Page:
When trying to attack and destroy inhaled asbestos fibers, macrophages damage the alveoli or the small sacs in the lungs.
These alveolar lesions caused by the body’s defense system are characteristic of the disease.
These cells play a fundamental role in the transfer of oxygen within the body.
They allow the entry of oxygen into the bloodstream and the release of carbon dioxide.
In the context in which cells are damaged, this gas regulation process in the body is affected and atypical symptoms appear: shortness of breath, wheezing, among others.
Health regulations for the past 50 to 60 years have steadily reduced worker exposure to asbestos, such that most people with asbestosis had their exposure before the late 1970s.
With strict regulations, asbestosis from workplace contamination is now extremely unlikely.
Some common products and materials that contain asbestos are:
- Insulation systems for attics, walls, wood stoves, oil and coal furnaces, and door seals.
- Vinyl tile and backing on vinyl sheet flooring and adhesive.
- Shingles and tile cladding.
- Plaster, cement, putties used on walls and ceilings.
- Hot water wrap and steam wand.
- Heat resistant fabrics.
- Automobile clutch pads and brake linings.
The main risk factor for developing asbestosis is chronic (long-term) exposure to a large amount of dusts that contain asbestos fibers.
Exposure is through inhalation of small dust particles, deterioration of buildings, mineral extraction and others.
Smoking is an additional risk factor for the development of this pathology.
Prolonged exposure to a large number of particles containing asbestos fibers can cause asbestosis.
In the case of the development of asbestosis, these fibers can cause lesions in the lungs (fibrosis) and lead to the development of some characteristic symptoms:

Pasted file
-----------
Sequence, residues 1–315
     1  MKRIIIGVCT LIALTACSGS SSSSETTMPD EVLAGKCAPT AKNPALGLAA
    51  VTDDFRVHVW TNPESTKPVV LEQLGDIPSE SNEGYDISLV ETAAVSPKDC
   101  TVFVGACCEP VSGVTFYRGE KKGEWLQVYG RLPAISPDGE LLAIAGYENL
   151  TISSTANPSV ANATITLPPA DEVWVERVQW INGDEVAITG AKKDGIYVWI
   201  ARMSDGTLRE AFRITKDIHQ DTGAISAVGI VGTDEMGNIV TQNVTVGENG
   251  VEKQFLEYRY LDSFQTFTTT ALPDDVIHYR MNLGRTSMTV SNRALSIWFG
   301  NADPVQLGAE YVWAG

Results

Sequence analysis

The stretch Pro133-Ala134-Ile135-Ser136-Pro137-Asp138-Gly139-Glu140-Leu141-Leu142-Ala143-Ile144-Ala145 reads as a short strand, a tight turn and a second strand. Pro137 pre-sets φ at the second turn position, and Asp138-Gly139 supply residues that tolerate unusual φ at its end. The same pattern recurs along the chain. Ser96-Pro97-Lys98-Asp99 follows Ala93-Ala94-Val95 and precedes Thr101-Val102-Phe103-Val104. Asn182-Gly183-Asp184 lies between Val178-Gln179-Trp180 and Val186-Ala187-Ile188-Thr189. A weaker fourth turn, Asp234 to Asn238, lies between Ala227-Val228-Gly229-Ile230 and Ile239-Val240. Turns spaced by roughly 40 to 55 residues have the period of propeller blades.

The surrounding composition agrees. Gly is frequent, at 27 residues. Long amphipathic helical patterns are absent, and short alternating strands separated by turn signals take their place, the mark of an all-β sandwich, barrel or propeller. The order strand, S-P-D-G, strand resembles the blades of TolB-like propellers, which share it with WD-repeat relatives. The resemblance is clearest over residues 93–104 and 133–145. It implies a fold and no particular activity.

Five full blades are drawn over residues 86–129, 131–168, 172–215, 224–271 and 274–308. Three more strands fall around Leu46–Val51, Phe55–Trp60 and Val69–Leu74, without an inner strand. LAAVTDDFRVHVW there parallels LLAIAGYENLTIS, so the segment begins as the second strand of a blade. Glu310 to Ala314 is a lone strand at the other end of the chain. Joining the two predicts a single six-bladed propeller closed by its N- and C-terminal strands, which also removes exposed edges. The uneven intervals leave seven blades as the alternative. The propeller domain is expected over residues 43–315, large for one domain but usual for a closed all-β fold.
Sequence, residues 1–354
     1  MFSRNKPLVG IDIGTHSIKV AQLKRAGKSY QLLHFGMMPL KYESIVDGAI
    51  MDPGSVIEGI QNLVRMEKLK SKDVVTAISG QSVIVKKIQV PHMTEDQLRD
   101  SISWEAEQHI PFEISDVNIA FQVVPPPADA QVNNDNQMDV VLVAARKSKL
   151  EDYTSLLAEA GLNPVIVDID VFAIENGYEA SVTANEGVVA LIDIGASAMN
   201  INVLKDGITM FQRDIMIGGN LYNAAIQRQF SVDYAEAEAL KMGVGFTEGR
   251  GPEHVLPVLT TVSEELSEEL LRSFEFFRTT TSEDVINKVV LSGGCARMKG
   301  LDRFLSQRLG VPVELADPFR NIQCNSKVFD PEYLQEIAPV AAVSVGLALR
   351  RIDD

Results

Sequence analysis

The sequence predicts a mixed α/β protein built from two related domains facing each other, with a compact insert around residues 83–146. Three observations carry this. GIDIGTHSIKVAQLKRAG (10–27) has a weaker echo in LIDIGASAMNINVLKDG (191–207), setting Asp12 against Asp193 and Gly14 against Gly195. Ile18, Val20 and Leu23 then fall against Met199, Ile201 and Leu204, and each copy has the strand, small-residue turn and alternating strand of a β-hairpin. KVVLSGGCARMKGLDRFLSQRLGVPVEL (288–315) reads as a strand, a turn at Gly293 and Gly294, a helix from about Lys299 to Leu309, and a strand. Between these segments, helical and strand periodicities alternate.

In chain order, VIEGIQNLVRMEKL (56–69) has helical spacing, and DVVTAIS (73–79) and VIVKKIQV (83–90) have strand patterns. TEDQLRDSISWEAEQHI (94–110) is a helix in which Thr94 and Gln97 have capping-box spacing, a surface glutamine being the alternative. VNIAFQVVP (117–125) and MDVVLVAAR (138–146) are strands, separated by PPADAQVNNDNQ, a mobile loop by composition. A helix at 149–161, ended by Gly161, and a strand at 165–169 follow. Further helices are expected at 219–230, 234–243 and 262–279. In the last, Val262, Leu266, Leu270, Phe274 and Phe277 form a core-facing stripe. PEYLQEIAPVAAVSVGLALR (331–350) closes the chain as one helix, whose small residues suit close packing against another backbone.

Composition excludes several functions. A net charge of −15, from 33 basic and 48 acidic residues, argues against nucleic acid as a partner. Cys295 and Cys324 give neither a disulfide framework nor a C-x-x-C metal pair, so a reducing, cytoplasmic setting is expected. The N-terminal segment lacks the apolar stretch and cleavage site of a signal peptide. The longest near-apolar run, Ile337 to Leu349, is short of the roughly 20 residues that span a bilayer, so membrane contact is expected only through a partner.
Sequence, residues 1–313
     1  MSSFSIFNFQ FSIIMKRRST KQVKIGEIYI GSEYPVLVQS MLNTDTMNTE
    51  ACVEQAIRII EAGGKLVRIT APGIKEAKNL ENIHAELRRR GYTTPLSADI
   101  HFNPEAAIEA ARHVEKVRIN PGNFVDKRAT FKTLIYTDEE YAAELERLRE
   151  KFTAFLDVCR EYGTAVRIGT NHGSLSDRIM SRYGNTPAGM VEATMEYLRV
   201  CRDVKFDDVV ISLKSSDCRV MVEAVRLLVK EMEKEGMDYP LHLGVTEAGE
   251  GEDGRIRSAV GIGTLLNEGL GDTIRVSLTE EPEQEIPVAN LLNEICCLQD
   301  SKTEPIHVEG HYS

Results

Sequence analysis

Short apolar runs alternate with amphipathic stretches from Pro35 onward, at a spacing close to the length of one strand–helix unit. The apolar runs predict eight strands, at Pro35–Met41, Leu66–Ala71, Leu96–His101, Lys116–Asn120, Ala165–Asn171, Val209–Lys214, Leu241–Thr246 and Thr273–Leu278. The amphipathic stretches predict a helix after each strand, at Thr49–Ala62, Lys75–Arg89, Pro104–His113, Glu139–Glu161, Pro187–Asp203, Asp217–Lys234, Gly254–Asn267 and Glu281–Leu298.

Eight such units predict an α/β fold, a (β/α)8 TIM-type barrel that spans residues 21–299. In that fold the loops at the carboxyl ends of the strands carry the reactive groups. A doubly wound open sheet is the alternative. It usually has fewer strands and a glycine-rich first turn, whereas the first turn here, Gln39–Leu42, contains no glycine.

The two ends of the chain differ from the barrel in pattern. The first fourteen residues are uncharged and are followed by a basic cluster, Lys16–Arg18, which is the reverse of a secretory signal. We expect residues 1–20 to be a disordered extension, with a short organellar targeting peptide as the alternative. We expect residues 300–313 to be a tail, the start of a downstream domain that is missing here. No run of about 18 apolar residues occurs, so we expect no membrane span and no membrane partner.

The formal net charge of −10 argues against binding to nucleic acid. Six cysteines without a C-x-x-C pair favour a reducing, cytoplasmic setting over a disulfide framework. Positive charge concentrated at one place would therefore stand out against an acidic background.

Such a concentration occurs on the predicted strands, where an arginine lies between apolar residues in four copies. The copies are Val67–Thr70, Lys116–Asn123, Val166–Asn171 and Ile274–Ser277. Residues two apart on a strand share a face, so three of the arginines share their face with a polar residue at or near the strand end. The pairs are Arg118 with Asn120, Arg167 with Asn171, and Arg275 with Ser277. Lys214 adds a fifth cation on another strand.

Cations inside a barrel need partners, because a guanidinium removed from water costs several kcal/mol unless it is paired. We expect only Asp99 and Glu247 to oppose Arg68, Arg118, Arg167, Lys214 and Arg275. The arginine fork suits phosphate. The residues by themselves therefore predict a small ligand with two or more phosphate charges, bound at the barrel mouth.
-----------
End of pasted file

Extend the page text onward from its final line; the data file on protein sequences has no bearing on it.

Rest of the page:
- Shortness of breath that can appear after physical activity at first and then develop constantly.
- A persistent cough
- Intense fatigue
- Tightness and chest pain.
- Swelling at the ends of the fingers.
- Loss of appetite with weight loss.
- A dry crackling sound in the lungs as you breathe.
Exposures are generally related to the individual’s workplace.
Certain more specific symptoms and diseases can also be associated with asbestosis, such as:
- Calcification of the pleura forming pleural plaques (accumulation of calcium deposits in the membrane that covers the lungs).
- A malignant mesothelium (cancer of the pleura) that can develop 20 to 40 years after chronic exposure to asbestos fibers.
- Pleural effusion, that is, the presence of fluid within the pleura.
- Lung cancer.
The current diagnosis of people with asbestosis is often related to exposure to asbestos fibers.
The severity of the disease is directly related to the duration of exposure to asbestos fibers and the amount inhaled.
Asbestos fibers that penetrate the bronchi and alveoli cause inflammation that gradually turns into pulmonary fibrosis, responsible for the hardening and thickening of the lung tissue.
Sooner or later permanent shortness of breath and very disabling actual respiratory failure appear.